This project was the third private transport system and in 1996 obtained a permit to operate from the Mexican Energy Regulatory Commission (CRE). Between 1998 and 2001, Kinder Morgan carried out an open season. But no industrial user in the Monterrey area offered to make the project financially viable. Finally, Pemex was the marketer who reserved the capacity on this gas pipeline, giving certainty to the investment but accentuating the monopolistic position of Pemex in the commercialization of gas -- and in an area far from its main production centers.

In the following five years, the export of gas to Mexico gained an interesting dynamism thanks to the supply strategy of the CFE as a way to guarantee gas to its generation plants. The switch from heavy fuel oil to natural gas at generation plants located along the Pacific coast in the states of Sonora and Sinaloa happened thanks to supply from Arizona via the Sierrita Pipeline and El Paso Natural Gas. Yet even in this case, the purchase of the molecule has not been exempt from the intermediation of Pemex subsidiaries.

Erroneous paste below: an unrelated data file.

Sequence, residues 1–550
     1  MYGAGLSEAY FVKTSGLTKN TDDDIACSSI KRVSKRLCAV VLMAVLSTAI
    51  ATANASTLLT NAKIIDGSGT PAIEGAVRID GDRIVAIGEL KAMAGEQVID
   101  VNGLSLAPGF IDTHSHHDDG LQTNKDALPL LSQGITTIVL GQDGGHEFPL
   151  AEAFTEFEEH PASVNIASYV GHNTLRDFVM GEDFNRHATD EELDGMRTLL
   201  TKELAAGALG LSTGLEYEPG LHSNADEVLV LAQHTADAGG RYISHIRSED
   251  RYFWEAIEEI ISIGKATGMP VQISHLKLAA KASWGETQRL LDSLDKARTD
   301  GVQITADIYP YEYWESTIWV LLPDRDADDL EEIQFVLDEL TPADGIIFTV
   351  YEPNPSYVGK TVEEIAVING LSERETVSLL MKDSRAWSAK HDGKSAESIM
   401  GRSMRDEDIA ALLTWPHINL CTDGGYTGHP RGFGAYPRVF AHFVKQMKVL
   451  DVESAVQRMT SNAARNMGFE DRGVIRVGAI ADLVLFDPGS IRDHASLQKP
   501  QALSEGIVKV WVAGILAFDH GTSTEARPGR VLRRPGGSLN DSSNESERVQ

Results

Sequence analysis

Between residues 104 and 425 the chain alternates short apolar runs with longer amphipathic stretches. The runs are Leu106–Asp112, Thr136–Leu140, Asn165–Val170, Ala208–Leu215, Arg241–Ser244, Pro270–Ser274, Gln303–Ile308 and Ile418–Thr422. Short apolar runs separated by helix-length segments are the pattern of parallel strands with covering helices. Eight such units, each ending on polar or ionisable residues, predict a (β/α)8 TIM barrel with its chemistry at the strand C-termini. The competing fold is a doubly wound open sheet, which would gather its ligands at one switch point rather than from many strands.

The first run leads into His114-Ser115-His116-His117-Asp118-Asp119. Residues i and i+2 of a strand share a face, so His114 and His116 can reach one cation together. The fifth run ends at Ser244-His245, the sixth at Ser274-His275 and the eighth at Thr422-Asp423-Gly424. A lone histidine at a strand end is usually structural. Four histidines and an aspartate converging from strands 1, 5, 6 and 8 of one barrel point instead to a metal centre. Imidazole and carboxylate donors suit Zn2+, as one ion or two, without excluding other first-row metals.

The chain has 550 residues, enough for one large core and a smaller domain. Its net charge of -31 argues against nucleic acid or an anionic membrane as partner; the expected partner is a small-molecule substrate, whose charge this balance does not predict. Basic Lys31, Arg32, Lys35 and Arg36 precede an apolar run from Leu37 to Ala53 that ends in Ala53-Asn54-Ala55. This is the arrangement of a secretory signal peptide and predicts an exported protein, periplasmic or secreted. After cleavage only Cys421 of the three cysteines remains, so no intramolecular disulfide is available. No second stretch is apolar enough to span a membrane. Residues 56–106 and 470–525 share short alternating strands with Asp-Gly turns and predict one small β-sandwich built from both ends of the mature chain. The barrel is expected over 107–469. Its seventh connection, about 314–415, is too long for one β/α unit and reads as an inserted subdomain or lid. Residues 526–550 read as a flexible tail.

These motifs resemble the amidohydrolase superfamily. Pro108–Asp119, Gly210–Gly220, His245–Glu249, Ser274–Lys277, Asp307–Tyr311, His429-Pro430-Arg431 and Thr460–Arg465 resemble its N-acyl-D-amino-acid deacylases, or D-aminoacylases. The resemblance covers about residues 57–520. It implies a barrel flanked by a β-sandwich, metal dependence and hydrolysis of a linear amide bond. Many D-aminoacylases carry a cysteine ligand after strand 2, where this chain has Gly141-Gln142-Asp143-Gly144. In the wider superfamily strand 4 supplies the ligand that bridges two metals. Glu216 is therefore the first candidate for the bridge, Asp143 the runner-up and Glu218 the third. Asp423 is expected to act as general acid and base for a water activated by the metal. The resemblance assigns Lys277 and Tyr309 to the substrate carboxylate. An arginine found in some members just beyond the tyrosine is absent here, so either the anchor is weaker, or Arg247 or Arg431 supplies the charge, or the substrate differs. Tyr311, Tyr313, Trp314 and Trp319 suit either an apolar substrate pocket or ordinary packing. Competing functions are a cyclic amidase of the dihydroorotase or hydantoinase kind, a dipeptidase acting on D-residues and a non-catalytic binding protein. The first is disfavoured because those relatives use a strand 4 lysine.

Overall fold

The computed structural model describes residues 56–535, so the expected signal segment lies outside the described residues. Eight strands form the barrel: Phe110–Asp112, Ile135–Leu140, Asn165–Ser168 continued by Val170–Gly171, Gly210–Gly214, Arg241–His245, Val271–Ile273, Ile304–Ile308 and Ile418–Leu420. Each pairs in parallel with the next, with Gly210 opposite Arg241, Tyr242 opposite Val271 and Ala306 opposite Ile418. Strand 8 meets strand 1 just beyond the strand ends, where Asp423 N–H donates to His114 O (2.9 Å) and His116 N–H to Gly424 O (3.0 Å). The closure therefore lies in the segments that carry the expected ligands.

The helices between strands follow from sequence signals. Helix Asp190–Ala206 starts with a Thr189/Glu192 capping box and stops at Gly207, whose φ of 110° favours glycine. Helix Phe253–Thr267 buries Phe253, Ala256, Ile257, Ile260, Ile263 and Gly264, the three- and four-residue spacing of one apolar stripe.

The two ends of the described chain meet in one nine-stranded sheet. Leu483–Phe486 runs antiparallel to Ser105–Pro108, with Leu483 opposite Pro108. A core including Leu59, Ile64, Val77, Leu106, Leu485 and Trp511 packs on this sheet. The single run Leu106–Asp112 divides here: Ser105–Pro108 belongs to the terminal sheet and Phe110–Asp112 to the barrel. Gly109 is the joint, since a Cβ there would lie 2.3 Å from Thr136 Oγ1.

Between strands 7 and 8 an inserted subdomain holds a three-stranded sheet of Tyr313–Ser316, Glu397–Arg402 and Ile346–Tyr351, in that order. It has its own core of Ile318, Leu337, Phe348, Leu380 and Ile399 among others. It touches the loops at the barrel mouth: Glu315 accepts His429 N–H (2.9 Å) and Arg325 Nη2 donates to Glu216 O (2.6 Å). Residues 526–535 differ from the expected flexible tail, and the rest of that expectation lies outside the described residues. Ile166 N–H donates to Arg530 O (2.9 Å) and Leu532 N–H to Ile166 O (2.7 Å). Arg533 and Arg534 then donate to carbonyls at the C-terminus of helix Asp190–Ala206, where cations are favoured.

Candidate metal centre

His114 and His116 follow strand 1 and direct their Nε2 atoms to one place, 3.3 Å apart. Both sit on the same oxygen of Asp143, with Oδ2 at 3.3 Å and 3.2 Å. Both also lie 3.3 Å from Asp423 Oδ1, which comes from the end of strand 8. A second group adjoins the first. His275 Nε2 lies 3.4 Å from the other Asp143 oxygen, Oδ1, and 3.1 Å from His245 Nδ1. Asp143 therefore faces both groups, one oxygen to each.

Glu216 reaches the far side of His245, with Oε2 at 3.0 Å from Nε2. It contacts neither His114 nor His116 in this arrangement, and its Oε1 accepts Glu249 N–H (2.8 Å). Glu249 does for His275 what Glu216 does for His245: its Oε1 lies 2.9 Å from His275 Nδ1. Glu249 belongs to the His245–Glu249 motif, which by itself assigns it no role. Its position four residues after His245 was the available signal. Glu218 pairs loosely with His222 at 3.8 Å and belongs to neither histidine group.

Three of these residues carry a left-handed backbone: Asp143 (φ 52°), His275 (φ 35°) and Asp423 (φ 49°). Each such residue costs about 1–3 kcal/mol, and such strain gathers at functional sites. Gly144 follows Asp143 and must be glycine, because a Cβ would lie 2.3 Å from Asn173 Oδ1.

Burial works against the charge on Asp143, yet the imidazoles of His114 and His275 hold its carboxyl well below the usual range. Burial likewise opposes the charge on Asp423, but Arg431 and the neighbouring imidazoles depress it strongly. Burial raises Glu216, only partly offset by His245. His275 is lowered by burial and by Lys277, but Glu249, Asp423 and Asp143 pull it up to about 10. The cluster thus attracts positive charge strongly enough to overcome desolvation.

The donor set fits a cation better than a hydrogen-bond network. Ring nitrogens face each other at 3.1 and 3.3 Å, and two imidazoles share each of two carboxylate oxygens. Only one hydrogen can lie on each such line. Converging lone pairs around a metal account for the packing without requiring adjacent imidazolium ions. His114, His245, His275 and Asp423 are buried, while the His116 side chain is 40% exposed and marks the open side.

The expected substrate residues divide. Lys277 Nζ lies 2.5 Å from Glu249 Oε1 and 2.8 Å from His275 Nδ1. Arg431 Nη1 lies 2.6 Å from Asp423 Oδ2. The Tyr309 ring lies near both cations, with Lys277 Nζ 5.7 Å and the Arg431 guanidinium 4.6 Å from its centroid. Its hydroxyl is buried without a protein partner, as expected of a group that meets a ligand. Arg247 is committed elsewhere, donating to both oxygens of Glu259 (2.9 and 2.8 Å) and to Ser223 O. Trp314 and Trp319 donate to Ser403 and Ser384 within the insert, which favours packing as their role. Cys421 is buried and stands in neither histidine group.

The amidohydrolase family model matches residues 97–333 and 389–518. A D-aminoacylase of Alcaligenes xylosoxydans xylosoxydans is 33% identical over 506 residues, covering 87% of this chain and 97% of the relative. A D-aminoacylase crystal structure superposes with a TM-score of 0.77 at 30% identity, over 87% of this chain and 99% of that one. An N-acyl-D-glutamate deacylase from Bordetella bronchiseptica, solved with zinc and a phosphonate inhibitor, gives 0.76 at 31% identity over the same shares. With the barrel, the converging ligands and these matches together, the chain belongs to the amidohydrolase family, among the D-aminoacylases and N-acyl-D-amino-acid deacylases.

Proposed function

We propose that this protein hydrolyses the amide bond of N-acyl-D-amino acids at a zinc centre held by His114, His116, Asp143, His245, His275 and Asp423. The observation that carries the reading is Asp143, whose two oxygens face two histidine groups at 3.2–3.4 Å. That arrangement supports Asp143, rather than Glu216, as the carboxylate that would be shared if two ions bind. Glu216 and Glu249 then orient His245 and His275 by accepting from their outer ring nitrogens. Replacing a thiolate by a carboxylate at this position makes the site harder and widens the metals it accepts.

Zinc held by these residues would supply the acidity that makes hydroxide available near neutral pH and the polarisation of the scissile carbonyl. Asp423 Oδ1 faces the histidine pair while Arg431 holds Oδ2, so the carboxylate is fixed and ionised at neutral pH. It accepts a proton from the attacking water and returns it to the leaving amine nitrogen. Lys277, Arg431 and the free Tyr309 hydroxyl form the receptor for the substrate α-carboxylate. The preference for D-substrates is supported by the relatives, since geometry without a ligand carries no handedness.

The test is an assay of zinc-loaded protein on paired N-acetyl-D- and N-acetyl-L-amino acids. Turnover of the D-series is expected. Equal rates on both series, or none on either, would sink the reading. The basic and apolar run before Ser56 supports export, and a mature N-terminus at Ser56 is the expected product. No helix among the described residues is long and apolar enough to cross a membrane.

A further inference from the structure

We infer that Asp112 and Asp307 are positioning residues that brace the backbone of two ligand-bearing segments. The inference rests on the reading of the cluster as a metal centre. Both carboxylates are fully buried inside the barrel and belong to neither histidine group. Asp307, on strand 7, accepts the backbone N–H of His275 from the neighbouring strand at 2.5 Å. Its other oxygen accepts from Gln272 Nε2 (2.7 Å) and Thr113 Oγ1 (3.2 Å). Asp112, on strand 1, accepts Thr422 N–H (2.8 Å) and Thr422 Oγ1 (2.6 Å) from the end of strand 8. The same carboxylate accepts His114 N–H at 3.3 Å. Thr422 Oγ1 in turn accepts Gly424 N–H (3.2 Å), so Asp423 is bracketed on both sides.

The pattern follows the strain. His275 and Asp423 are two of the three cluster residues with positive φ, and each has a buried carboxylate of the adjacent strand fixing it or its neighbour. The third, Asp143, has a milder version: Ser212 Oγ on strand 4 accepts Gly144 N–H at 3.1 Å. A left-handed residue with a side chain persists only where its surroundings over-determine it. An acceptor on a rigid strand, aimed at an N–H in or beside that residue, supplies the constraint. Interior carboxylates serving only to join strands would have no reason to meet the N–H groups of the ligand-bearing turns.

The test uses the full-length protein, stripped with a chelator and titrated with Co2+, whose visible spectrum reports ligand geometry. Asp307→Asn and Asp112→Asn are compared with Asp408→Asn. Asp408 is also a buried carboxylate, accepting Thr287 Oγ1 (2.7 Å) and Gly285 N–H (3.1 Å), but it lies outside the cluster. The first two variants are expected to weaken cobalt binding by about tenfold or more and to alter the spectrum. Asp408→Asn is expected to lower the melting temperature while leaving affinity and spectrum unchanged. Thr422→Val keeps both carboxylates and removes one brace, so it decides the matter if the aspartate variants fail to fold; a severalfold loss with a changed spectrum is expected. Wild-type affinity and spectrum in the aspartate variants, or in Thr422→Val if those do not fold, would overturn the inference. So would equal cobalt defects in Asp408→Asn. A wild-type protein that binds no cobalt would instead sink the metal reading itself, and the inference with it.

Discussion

Through the years, CFE replicated this supply scheme, extended and sophisticated it with tenders and agreements to build more pipelines in Mexico and even anchor projects north of the border.

This is how Trans-Pecos pipeline came into being. It can move 1.4 Bcf/d from the Waha Hub in West Texas to Presidio, Texas to then transfer gas to the system that goes from Ojinaga to El Encino in Chihuahua. CFE is also the holder of 1.1 Bcf/d capacity on the Comanche Trail pipeline which moves gas from Waha to San Elizario, Texas, and continues on to Samalayuca, on a new line, called San Isidro-Samalayuca . From there, the remaining gas can continue on a long journey to interconnect with the aforementioned coastal pipeline that begins in Sásabe, Sonora.